Entering a game against the Cleveland Cavaliers, the team with the league's best record, the Orlando Magic's bench had a tough enough task. The fact they had to provide enough support for the starters just two days after scoring a mere 6 points on 3-of-19 shooting in a loss added to the problem. But Orlando's bench indeed delivered against Cleveland, and proved instrumental in the Magic's win. Coach Stan Van Gundy was right when he said, "we got a lot more out of our bench today."
To be clear, Orlando's stars still carried it to victory. Jameer Nelson and Vince Carter scored 8 points apiece during the decisive 16-3 run Orlando made in the fourth quarter, while Rashard Lewis sank some timely baskets and Dwight Howard anchored the defense while saddling the Cavs' big men with fouls. But prior to the Nelson/Carter outburst, it was Orlando's bench keeping it afloat, with J.J. Redick and Brandon Bass scoring the Magic's only 6 points of the period prior to Nelson's and Carter's respective heroics, and defensively the reserves didn't let Cleveland get much separation.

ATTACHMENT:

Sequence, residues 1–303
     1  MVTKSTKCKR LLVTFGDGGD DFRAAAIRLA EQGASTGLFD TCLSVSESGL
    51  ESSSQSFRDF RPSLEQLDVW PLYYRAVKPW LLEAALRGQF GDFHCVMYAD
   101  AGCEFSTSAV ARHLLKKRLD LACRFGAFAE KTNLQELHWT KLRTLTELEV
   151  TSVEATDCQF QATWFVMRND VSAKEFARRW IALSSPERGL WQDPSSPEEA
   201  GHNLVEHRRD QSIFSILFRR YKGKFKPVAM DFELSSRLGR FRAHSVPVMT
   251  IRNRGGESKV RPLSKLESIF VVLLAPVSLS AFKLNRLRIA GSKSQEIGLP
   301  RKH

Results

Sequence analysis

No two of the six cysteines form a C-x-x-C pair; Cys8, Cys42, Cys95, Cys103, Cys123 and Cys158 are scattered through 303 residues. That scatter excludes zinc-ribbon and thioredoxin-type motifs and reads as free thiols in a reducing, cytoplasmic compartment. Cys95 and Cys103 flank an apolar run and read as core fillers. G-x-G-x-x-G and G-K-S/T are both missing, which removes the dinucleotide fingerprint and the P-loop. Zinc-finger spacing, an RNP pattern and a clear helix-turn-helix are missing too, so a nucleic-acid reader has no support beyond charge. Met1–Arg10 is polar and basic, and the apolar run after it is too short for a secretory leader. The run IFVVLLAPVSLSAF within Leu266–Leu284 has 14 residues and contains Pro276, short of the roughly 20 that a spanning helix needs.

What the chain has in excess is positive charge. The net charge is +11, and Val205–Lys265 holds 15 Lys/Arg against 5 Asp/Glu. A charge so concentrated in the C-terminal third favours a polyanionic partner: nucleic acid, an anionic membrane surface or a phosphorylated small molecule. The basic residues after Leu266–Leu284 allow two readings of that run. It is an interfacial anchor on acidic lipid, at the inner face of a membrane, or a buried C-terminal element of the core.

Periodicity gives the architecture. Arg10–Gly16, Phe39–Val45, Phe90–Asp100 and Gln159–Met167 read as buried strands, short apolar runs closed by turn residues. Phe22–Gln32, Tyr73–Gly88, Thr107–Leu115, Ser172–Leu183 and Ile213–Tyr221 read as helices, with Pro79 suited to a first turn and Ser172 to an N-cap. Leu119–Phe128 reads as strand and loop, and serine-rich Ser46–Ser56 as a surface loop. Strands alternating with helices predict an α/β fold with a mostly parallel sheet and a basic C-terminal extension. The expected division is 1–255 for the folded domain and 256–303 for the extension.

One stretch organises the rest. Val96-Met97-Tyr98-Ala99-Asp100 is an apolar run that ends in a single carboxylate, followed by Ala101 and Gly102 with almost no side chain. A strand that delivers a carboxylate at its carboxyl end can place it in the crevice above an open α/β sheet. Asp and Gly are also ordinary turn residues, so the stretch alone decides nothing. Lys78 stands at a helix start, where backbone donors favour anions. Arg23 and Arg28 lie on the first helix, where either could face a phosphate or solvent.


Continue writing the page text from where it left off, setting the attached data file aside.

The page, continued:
It all began in the first half with Mickael Pietrus, one of the chief offenders in the loss to Dallas, against which he missed all 5 of his three-point attempts, many of them early in possessions. Orlando's wildest player, Pietrus dialed his manic energy down several notches and played a more focused game, scoring 8 of Orlando's 24 second-period points, and 13 overall. A patient Pietrus sank 5 of his 6 attempts and waited for scoring opportunities to come his way, rather than pursuing them recklessly. He got in the scoring column with a steal and fast-break slam after immediately dishing to Carter, who gave the ball back up for Pietrus to finish; ordinarily, I'd expect Pietrus to try taking the ball himself, which is a risky proposition, given his poor ballhandling skills. He sank a three-pointer moments later off a drive-and-kick feed from Lewis, then sprinted back to reject Delonte West from behind on the Cavs' next possession. And he was opportunistic at the end of the third quarter when Bass' long jumper fell off the right side of the rim and into his lap, and he alertly put up a shot to beat the buzzer and cut Cleveland's lead to a single point. All told, he contributed 13 points in 16 minutes, on 6 shooting possessions, while guarding LeBron James, the best player in the world. It was, in short, an outstanding performance from Pietrus.